Management at Sask Polytech lay off campus nursing staff in Prince Albert, Moose Jaw

May 23, 2018

SGEU is calling on leadership at Saskatchewan Polytechnic to reverse a potentially dangerous decision to lay off two full-time campus nurse positions at its Prince Albert and Moose Jaw campuses.

Campus nurses at Sask Polytech are registered nurses who provide a wide range of on-site services including first aid, diagnosing and treating illness, health information, promotion and counselling, and referrals to other health professionals. Campus nurses also ensure that students in a variety of health-related programming have all the required immunizations to ensure the safety of the student, patient and public while they are on clinical placement.  

SGEU’s Professional Services Bargaining Unit, which represents non-academic staff at Sask Polytech, were recently informed by management that two full-time campus nurse positions would be eliminated effective June 30.

The positions are scheduled to be replaced by two part-time positions instead. Before the announcement, each campus had one full-time on-site campus nurse. There are approximately 9,000 students and staff combined at the two campuses.

“These positions are critical to the health and wellbeing of our students. We have no idea which days or which hours nursing services will be provided in the fall,” said Bonnie Bond, chair of the Professional Service unit. .

“Who knows what will happen now if there’s an outbreak, or injury and no nurse is available immediately,” added Bond.

The Professional Services unit has continually raised concerns with Sask Polytech’s leadership about the decrease of staff in recent years, coupled with the massive increase in managerial positions at the institute.

“This appears to be just another way the leadership at Sask Polytech is reducing services for students in order to afford a top-heavy institute overflowing with management,” said Bond. “We are disappointed with what appears to be a skewed priority towards upper management over front line staff providing key services for the students that we are here to serve,” she added.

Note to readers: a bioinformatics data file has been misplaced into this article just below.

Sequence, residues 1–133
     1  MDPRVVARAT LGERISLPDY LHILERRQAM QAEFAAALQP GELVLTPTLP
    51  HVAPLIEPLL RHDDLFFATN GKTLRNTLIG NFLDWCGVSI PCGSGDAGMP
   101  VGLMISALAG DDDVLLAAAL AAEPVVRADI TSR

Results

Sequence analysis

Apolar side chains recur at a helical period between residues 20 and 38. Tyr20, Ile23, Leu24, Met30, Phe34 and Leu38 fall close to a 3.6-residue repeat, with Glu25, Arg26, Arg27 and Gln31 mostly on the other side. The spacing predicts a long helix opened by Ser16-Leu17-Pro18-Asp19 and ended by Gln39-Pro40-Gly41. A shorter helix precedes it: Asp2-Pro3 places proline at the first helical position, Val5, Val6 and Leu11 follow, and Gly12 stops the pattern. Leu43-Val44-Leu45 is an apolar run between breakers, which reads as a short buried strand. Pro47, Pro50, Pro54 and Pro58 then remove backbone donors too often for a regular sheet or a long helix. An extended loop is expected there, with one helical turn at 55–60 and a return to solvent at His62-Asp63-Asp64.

“Students don’t know in advance when they may need mental health assistance, or when they will get hurt, or if they will have high blood pressure or breathing problems, abdominal pain, drug overdose or sexual health issues on any given day or time.

“These are all services that will now be reduced in Prince Albert and Moose Jaw thanks to this careless decision,” said Bond. “Our campus nurses provide services to a diverse clientele. These are also the campus locations with the highest number of Indigenous and international students respectively, who historically have the least access to health services already. Eroding these essential supports sends a mixed message to our students," said Bond.

SGEU is calling for the reversal of the decision to reduce nursing hours at the campuses to ensure students will continue to have more immediate and convenient access to competent health professionals.

“We find it ironic to see an educational institute such as Sask Polytech, which offers a variety of nursing and health care programs to current and future students, is devaluing the very services nursing staff provide with this decision,” said Bond. “It’s sends a very poor message to students.”




For further information contact:


Bonnie Bond
Bargaining Chair, Professional Services Bargaining Unit


Colin McGarrigle
Communications Officer, SGEU


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